“Fred and August (Rightmeier) came to America in the year 1864 at the age of 14 and 16 years.” – written by Melinda Rightmeier in the family Bible.
As we have explored my family history, surprise truth has exposed details that have delighted, given me pause, and stirred up great gratitude for the courage and perseverance shown by my ancestors. We had precious little, to go on
In one of my earliest blogs, I wrote:
“My maternal great-great-grandfather, Frederic Konrad Rightmeier, immigrated to the United States in 1864 at the age of 14. (I say immigrated, but in reality, he and his brother were stowaways on a ship to New York. It is said they jumped ship in New York harbor and swam ashore, but that is another story). The reason for this desperate trip is that my ancestors were tenant farmers for the local landowner.”
The “stowaway and jumped ship” details were passed down at family gatherings amidst the many other great anecdotes the Rightmeier men are famous for. Of course, there was no way to verify, or not, these details but it made for great family imagery of our entrance to this country.
Illegal Immigrants? The Surprise Truth
That is, no way to verify until Ancestry. Recently we upgraded our membership to this resource. My husband is the site guru and spends many a productive hour ferreting out family details. This stowaway story had unanswered questions. For instance, if true:
- there must be some record in ship logs of the incident. I mean two young boys discovered by the ship’s steward as they sailed into port, then jumping into the harbor would at least require an entry for the day. Right?
- how did two stowaway illegal immigrants become naturalized citizens seven years later? We have the record of their naturalization, but would there not be questions about how they got here?
So I asked my ever-curious spouse if he could find some mention of this. Well, he did, but not what I expected. It turned out much more mundane than the family lore. He found the names of the two boys on the ship’s logs as – ahem – passengers!
The Real Surprise Truth
It took the OCR for my husband to read, but here they are listed in steerage. I suppose that was not much better than stowaway, but they were paying passengers.
The two boys arrived on 5 Jul 1864, at the Port of New York, on the steamer “New York.” They had departed Bremen, then went to Southampton, England, and on to New York. Their hometown shows as Varenholz, Germany.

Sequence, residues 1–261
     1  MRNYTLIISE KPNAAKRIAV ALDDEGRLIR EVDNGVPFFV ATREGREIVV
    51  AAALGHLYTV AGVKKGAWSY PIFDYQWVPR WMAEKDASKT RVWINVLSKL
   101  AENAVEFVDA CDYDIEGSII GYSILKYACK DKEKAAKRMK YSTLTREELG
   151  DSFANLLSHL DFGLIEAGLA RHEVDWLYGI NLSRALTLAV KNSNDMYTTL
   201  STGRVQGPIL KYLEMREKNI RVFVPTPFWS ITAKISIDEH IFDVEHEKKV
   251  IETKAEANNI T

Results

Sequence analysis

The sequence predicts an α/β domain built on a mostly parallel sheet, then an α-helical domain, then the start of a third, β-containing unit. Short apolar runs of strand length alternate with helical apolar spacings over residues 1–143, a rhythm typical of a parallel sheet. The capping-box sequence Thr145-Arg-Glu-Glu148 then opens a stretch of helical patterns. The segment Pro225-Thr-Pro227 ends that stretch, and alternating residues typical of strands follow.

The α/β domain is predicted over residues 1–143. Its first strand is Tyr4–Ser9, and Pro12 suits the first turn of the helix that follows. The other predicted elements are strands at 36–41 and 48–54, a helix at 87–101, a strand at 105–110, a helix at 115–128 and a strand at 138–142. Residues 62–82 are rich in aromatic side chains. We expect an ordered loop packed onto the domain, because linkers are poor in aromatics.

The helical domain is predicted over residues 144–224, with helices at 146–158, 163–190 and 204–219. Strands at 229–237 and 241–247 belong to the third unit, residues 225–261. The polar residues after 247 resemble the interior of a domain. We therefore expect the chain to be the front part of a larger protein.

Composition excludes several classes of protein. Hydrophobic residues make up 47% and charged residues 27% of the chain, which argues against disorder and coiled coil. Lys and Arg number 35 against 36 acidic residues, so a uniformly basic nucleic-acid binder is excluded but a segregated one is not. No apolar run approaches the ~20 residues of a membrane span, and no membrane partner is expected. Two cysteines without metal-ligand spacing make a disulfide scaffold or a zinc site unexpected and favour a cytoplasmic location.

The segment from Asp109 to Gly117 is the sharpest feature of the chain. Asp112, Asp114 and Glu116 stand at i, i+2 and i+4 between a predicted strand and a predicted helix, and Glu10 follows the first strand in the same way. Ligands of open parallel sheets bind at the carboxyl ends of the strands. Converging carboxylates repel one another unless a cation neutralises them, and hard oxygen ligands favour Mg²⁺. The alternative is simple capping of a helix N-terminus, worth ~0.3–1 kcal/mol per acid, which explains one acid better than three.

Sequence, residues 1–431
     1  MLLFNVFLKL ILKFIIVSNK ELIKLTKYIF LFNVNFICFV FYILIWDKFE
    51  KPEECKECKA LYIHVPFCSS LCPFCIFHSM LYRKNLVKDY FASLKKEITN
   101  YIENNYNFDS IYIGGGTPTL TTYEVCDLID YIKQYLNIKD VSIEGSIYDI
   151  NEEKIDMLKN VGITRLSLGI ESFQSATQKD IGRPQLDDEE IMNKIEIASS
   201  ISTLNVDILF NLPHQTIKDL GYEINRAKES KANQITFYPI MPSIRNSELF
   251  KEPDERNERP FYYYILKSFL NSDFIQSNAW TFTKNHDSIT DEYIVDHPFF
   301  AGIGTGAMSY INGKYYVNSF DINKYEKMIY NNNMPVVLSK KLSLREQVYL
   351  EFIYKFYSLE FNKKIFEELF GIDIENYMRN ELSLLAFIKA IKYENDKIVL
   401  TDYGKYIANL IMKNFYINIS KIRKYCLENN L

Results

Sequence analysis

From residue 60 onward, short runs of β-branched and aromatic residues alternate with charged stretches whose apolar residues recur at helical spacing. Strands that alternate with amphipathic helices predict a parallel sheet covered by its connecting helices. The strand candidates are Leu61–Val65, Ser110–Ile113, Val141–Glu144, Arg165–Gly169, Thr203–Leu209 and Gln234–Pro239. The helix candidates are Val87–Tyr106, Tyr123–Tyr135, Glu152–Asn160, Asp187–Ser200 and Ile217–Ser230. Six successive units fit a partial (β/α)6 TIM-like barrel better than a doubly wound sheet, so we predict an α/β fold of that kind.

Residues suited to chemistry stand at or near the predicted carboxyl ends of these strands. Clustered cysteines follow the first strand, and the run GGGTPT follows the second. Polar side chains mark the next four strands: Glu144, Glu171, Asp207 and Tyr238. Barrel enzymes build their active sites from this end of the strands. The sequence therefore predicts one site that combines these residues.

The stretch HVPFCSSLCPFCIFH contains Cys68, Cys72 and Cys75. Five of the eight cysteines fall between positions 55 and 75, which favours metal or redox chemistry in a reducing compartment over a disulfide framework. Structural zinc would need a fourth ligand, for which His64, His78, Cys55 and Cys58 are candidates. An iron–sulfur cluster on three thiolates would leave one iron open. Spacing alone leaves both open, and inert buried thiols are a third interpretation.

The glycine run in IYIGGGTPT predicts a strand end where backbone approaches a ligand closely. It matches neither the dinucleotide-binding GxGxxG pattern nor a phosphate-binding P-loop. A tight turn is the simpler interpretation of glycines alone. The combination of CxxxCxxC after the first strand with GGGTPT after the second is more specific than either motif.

All of which matches the simple entry in the family Bible by Melinda Rightmeier, Frederick’s wife:
The Evolution Of Story
So how did the “stowaway and jumped ship” story come about? Did someone mistake the word steerage for stowaway? Did the boys out of impatience and/or excitement actually jump into the harbor rather than wait to disembark with the masses? Perhaps they had had quite enough of the lowest part of the ship and needed a bath!
When You Write Your Story
There are bound to be some surprises as you set out to capture your story. So what do you do with these awkward discoveries? Here are three tips:
- Be gracious and avoid judgment. Even if a story turns out to be an embellishment of the facts. For all, I know Fred and August let this story take on a life of its own. Or, as I suggested, in the passing of the event orally through the years, others misunderstood.
- Give the purveyors of the story the benefit of the doubt. OK, so telling an untruth is not cool, but it did make for a great family story.
- Set the record straight. Depending on how recent the story is, this can be tricky. In my case, it has been almost 160 years since the event. All those who perpetuated the lore are long passed. If, you find yourself with a living “storyteller”, go to them, one on one, and ask some questions kindly. “Where or from whom did you hear this?” type questions. When appropriate let them in on what you have found.
The important thing is, not to allow the fear of what you might find, to prevent you from capturing those long-lost stories, or documenting the “now” events. ‘
So I am setting the record straight: My ancestor, Fred Rightmeier paid for passage on the New York and arrived legally in New York. He then lived with and worked for seven years with a family until he came of age and became a naturalized citizen.
What family story do you want to write? Start with what you know, even if it falls into the folklore category. It is still your story!
Please comment and then download the free PDF to get started.